DFA plots full ETF suite after large mutual fund conversion

Nearly $30bn of assets converted this week with $8bn more due in September

Dimensional Fund Advisors is looking to build on the $37bn of mutual fund assets it is converting to ETFs with a full suite of products, as experts predict a range of competitors will follow in its footsteps.

$637bn Austin-Texas based DFA converted four of its US tax-managed mutual funds into active transparent ETFs this week, after announcing the move in November. The quartet, which accounted for $28.6bn of AUM at the end of May, are the Dimensional US Equity ETF (DFUS), Dimensional US Core Equity 2 ETF (DFAC), Dimensional US Small Cap ETF (DFAS) and Dimensional Targeted Value ETF (DFAT).

DFA is also expected to convert two additional non-US market tax-managed mutual funds, representing $8.1bn of AUM, into ETFs in September.

Alongside its current three-strong $1.6bn ETF line-up, the conversions will see DFA move just outside the top ten of ETF issuers, with $38bn in assets, behind ARK Invest with $43.2bn but ahead of Global X with $34bn.

DFA’s tax-managed suite of funds was the obvious starting point when thinking of conversion, although some funds in this line-up are remaining as mutual funds, at least for now. These include the $5.9bn DFA Tax Managed US Marketwide Value Portfolio (DTMX).

“When we think about our future potential offerings, we’re looking at the tax line-up, we’re looking at the client needs,” said Nicole Hunter, Head of Capital Markets at DFA. “We definitely plan to extend our line-up and have a full suite of products. Other than the remaining two (non-U.S. market ETF’s), we haven’t publicly announced any other plans.”

A large motivator behind DFA conducting the conversion process was the “ETF rule” passed by the SEC in 2019 that allows ETFs that meet certain criteria to enter the market without delay of acquiring an order. It also allows the custom creation redemption baskets available for all ETFs.

“That’s been kind of a huge draw for a lot of issuers, we’ve seen a huge wave of small, active issuers enter the market,” said ETF.com Managing Editor Heather Bell.

DFA filed to convert the funds earlier in the spring in response to client demand for more ETF wrapper products, and is the largest firm so far to undertake a conversion process of this size.

“This firm is very innovative; they’re not afraid to go big if it’s the right thing to do,” Hunter said. “In fact, sometimes the right thing can be the harder thing, but if it is the right thing, we’re going to do it. I think this conversion is a testament to that innovation.”

It was no small feat to facilitate the conversions from a paperwork standpoint.

“We didn’t rush; we wanted to turn over every rock, dot every ‘i’ and cross every ‘t,’” Hunter added.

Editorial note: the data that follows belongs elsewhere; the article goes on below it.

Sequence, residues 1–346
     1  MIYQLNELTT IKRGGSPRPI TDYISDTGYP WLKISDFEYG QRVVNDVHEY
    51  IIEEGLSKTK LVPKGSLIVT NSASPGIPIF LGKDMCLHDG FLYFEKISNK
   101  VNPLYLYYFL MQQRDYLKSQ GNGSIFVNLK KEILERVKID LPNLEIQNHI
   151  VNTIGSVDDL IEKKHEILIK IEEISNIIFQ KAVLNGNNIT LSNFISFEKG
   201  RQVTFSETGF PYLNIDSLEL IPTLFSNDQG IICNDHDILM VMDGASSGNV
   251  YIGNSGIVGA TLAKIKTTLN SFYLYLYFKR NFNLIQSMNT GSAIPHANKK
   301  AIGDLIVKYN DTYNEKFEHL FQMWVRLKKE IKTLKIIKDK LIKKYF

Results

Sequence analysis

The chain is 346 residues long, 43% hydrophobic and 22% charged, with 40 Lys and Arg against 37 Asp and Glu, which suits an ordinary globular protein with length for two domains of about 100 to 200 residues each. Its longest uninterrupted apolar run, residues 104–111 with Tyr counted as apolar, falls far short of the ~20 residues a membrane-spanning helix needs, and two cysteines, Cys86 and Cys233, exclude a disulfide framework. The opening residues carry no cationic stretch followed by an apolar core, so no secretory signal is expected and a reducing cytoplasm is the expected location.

Bell pointed to Dimensional’s name recognition and said other would-be ETF issuers from the actively managed mutual fund side are going to be watching to see if the conversions are successful.

“I think it’s going to play a huge part in how they kind of roll out their own products if they do decide to enter the space,” Bell said. “They’ve already kind of re-packaged some of their existing strategies as ETFs, not as conversions, so we’ve got their basic core equity group are already represented in the market.”

Ben Johnson, director of global exchange-traded fund research at Morningstar, said many more firms will consider the conversion option more seriously now that a bigger player has successfully navigated the process.

However, Johnson added DFA’s case is somewhat unique, given that its fund range is sold through its own adviser network and the fact that the products in question were already being marketed for their tax efficiency.

“Narrow distribution means that the downstream logistical challenges of executing a conversion are minimized,” he said. “Specifically, investors in the funds need brokerage in order to hold ETF shares. This would be more complicated in cases where there were more direct/retail investors.”

Johnson continued, saying daily transparency isn’t a big concern for DFA as its strategies are broadly diversified, have low turnover, and their process is very transparent.

One other hurdle for mutual fund managers is the fact the retirement industry is generally not set up to allow for ETF investing, presenting a problem if some of your assets in retirement accounts.

While DFA is largely known for this transparency, Hunter would not rule out the possibility of the firm eventually entering the non-transparent ETF space.

“We’re always open to look at all investment types,” Hunter said. “I think it’s part of our responsibility to be aware of what is going on in the industry, understand how those vehicles are operating.”